From ponies to the real thing for returning Crowley
Jim Crowley returns to action with seven rides on Wednesday
PICTURE: Edward Whitaker (racingpost.com/photos) From ponies to real thing for returning Crowley
By Mark Scully 10:10AM 13 DEC 2016
CHAMPION jockey Jim Crowley went back to basics as he recovered from injuries sustained at Kempton in October, riding his children's ponies before getting back on board thoroughbreds.
Crowley has taken a break from riding since breaking his nose in the fall that left weighing room colleague Freddy Tylicki paralysed but returns on Wednesday with seven rides at Lingfield and then back at Kempton.
After claiming his first jockeys championship in 2015 and subsequently bagging the job as Sheikh Hamdan's number one rider, Crowley is now eager to get back in the action and says he is as fit as he can be without race riding.
"I'm really looking forward to getting back," he told Sky Sports News.
"I thought I'd have a nice easy day coming back, I wasn't expecting so many rides but I've got to start somewhere.
"I was laid up for a few weeks [after the fall], I took a bit of a bashing. I started off riding my children's ponies then moved on to the bigger ones. Now I'm back riding out, I've been in the gym and I'm really looking forward to it."
Inspired by Tylicki spirit
While Crowley prepares for his comeback, Tylicki remains in hospital as he continues to receive treatment for the life-changing injuries he sustained and the champion jockey says the stricken rider's attitude in coming to terms with his injuries has inspired him.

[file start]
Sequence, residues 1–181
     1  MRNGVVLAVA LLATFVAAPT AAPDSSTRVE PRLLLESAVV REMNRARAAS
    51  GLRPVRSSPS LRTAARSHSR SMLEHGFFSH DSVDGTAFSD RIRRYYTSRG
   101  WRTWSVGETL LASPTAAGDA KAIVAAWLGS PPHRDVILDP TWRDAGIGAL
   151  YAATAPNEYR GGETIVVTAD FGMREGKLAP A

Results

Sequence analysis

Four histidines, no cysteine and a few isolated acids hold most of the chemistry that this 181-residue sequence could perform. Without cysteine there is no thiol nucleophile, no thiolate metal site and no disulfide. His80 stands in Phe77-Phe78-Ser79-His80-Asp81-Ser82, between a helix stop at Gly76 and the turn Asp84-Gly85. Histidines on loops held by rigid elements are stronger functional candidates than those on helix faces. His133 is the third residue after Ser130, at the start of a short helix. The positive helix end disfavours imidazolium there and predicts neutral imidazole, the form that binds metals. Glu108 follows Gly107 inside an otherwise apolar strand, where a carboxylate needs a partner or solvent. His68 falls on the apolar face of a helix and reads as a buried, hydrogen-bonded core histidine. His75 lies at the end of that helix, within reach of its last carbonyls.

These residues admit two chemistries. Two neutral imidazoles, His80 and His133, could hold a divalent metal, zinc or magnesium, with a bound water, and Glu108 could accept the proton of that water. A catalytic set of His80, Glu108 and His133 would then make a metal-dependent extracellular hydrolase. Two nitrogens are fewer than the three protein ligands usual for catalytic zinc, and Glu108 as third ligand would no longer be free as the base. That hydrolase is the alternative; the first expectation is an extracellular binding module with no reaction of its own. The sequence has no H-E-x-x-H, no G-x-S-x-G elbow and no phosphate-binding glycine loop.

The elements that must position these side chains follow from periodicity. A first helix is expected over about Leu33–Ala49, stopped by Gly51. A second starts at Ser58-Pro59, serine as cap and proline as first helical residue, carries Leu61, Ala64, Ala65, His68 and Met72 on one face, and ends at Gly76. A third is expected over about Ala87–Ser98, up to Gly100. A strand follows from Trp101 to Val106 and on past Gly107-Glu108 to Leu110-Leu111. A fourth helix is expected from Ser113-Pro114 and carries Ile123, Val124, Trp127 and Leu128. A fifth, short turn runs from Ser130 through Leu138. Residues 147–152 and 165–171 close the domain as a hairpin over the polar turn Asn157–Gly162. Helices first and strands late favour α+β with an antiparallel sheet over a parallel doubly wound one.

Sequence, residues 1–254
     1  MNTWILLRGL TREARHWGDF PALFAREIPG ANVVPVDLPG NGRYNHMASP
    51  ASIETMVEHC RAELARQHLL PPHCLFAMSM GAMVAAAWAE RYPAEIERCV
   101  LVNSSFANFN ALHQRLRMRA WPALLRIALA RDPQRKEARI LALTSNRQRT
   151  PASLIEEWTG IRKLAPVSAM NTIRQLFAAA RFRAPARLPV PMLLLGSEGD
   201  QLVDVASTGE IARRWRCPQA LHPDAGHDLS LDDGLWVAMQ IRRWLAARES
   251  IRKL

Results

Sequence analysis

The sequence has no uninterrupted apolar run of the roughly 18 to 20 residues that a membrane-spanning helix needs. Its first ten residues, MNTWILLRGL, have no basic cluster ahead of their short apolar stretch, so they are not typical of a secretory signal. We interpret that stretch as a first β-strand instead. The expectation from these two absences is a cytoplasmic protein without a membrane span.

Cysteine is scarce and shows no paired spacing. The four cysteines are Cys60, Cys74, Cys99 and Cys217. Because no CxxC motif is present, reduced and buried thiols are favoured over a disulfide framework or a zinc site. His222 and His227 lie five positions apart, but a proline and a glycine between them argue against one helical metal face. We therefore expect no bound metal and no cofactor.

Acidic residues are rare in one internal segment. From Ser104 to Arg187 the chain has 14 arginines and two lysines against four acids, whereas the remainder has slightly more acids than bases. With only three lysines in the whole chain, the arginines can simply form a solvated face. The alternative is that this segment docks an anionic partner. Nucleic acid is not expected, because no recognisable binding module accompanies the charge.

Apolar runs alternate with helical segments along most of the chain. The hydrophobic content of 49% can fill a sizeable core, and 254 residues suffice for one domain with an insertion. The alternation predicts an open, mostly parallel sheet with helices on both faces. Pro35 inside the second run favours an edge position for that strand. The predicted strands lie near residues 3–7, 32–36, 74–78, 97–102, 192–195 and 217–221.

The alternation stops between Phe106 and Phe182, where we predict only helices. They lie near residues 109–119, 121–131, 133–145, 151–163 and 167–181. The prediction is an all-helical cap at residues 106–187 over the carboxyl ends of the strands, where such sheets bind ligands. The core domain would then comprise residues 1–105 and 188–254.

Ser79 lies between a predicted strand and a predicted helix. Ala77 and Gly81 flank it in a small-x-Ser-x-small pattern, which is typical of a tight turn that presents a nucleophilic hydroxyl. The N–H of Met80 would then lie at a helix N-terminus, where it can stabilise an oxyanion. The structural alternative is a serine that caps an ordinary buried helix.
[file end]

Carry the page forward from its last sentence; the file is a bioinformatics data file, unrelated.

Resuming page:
Crowley has visited Tylicki in hospital and has kept in regular contact by telephone and said: "He's remarkable really, he's very strong willed and determined. It's an inspiration how he's handled it."
Reflecting on the fall itself, Crowley added: "It was a routine day at Kempton and just one of those things that happens in racing. You get away with it nine times out of ten but Freddy's horse just clipped heels and came down.
"At the time, I didn't realise the severity of it but as time went on, we realised how bad Freddy was and it's just terrible."
Retaining title 'not impossible'
Looking to the future, Crowley once again insisted he has not given up hope of retaining his crown despite the new demands of being a retained rider and says he will approach the new campaign the same way as he did the previous one.
"It's amazing [to get the job]," he said. "When I got the call, I was absolutely delighted. It's going to be a bit different because I'll be riding out for lots of different stables but hopefully I'll be getting on some really nice horses.
"Willie Carson was champion when he was retained, so it's certainly not impossible. I'll do my best to retain it but riding for Sheikh Hamdan is my priority.
"Last year, I didn't think about the championship until after Glorious Goodwood, so it will be much the same this year. We'll get Glorious Goodwood out of the way and see where we are and if we're close enough, we'll give it a go."